Instant riches and fame, a No. 1 hit that just wouldn’t go away, and a permanent place in pop music history? These may all seem like good problems to have for a man just exiting his teens…one who recorded “Road” on a shoestring budget and a dream.
But what young recording artist just getting his career off the ground wants his first hit to be his biggest?
What’s more, what grown 21-year-old man coming into his own both personally and professionally wants to be forever linked to the semi-novelty of “Old Town Road,” the song which itself doubled as a children’s anthem (“Road” won Nas X both a Nickelodeon Kids’ Choice award and a Teen Choice award)?
It’s one thing for “Old Town Road” to be career-launching, but career-defining?
That would be like Will Smith’s “Parents Just Don’t Understand” being forever considered his career pinnacle, thereby never allowing the now-legendary entertainer to grow into the multi-media superstar he’s since become.
Clearly, “Parents” wasn’t the runaway smash that “Old Town Road” was two years ago – as Will Smith faced a totally different obstacle in the late 1980s, namely rap’s lack of mainstream acceptance at that time.
But even with that huge hurdle, Smith – a presumably straight man and now a Hollywood icon – will arguably have had a much easier path to long-term success than Nas X when all is said and done, especially given the lens through which artists like X are still viewed in a largely conservative America.
Continuing with the Smith analogy, while the “Wild Wild West” rapper charted a more gradual trajectory – artistically speaking – to his ultimate place in entertainment history, Lil Nas X’s “Montero” is, admittedly, a complete pendulum swing from “Old Town Road,” with the latter being the safest rap song this side of “Gettin’ Jiggy With It” while the former has essentially become the Black gay man’s “WAP.”
The reactions to “Montero” are well documented by now. In the far-right corner, conservatives, some of whom had earlier accused Lil Nas X of being a Devil worshipper as far back as 2019 (partially prompting the theme of the “Montero” song and video), have doubled down on their predictable condemnation of the new song’s religious and homosexual overtones.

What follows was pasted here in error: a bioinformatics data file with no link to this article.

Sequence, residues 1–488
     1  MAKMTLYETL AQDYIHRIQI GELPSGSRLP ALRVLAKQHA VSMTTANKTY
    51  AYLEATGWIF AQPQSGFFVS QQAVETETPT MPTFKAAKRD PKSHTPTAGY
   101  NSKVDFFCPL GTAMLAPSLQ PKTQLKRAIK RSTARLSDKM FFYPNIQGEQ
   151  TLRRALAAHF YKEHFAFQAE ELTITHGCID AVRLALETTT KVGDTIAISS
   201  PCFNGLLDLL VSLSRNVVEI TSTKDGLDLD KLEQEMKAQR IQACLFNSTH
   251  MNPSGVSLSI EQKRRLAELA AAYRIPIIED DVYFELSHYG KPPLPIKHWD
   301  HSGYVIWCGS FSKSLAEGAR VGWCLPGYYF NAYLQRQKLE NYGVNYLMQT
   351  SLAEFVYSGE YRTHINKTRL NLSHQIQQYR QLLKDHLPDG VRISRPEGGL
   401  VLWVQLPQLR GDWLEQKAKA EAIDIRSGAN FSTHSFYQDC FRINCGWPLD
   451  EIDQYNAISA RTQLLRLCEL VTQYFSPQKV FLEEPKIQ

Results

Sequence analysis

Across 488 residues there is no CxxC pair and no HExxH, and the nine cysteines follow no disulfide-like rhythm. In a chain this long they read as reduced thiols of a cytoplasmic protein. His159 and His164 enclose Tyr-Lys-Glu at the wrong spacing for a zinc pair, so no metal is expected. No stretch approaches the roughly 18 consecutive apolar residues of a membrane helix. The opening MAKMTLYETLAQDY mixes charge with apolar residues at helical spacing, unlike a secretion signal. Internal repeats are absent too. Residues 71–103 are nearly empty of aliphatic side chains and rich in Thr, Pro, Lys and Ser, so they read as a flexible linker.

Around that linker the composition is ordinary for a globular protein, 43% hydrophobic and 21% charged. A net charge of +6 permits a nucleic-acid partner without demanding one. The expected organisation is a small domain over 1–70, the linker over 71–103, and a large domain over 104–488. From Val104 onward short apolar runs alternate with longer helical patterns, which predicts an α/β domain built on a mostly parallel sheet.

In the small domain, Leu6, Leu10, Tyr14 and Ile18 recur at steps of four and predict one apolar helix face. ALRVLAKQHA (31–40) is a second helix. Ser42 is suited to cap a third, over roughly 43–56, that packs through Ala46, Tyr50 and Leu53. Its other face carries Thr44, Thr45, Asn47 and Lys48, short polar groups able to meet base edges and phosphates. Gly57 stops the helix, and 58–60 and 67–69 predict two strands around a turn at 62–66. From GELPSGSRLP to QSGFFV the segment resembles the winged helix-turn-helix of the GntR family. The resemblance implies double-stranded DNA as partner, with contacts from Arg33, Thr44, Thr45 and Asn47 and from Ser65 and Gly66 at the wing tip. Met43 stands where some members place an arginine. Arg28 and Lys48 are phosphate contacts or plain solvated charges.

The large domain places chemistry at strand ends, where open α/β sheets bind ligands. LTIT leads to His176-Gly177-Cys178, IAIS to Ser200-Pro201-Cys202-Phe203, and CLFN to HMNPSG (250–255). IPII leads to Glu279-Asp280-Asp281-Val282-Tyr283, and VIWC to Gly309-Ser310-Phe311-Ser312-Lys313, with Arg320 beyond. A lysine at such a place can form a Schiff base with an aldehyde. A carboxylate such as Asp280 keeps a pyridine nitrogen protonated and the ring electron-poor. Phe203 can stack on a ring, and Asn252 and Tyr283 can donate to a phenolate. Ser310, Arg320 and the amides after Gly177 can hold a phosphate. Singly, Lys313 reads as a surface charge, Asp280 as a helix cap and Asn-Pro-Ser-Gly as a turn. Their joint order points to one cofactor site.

Meanwhile, the LGBTQ community has largely embraced “Montero,” noting that it has given a gay man – more significantly, an unapologetic Black gay rapper – a platform the scale of which is unprecedented. Remember, we’re talking about the guy with the biggest song of a generation whose voice is now transcending “Old Town Road” and tackling tougher, more important societal issues as brashly as he can.
At the end of the day, being an out queer artist in 2021 shouldn’t be that big a deal. One would think we’ve moved past our juvenile-like reactions to someone revealing their sexuality this deep into the 21st century. Conversely, even some of his supporters suggest that Lil Nas X could have sent pro-LGBTQ+ messages with less graphic imagery.
But being a queer recording artist in an era that has seen dozens of musicians come out as gay, lesbian, bisexual, pansexual or who’ve declared themselves as non-binary when it comes to their gender identity or expression, doesn’t mean that a musician won’t still have his personal demons to exorcise.
In his response to the recent criticism, Lil Nas X has already addressed one of those demons: the amount of self-hatred that he and many other Black gay men have had to endure at the hands of others who preached that Hell was the the ultimate fate awaiting them.
The rapper posted this in responding to his critics within a day of the song and video’s release: ”I hope you are mad, stay mad, (and) feel the same anger you teach us to have towards ourselves.”
In the long run, that societal demon may prove tougher to contend with, but the other formidable one was “Old Town Road,” the song Nas X appeared “hell-bent” – pun intended – on rendering a mere footnote in his still-blossoming career.
While that outcome also may – realistically speaking – never happen, one thing’s for sure: the kid-friendly, horse-riding, country-rap anthem that is “Old Town Road” will no longer be the only thing for which Lil Nas X is widely known.
Now the artist born Montero Lamar Hill will be the first openly gay rapper to have two No. 1 Hot 100 singles in the Billboard chart’s (and in hip-hop’s) history.
And, most importantly, you can now call Montero by his name!
DJRob is a freelance music blogger from somewhere on the East Coast who covers R&B, hip-hop, pop and rock genres – plus lots of music news and current stuff! You can follow him on Twitter at @djrobblog.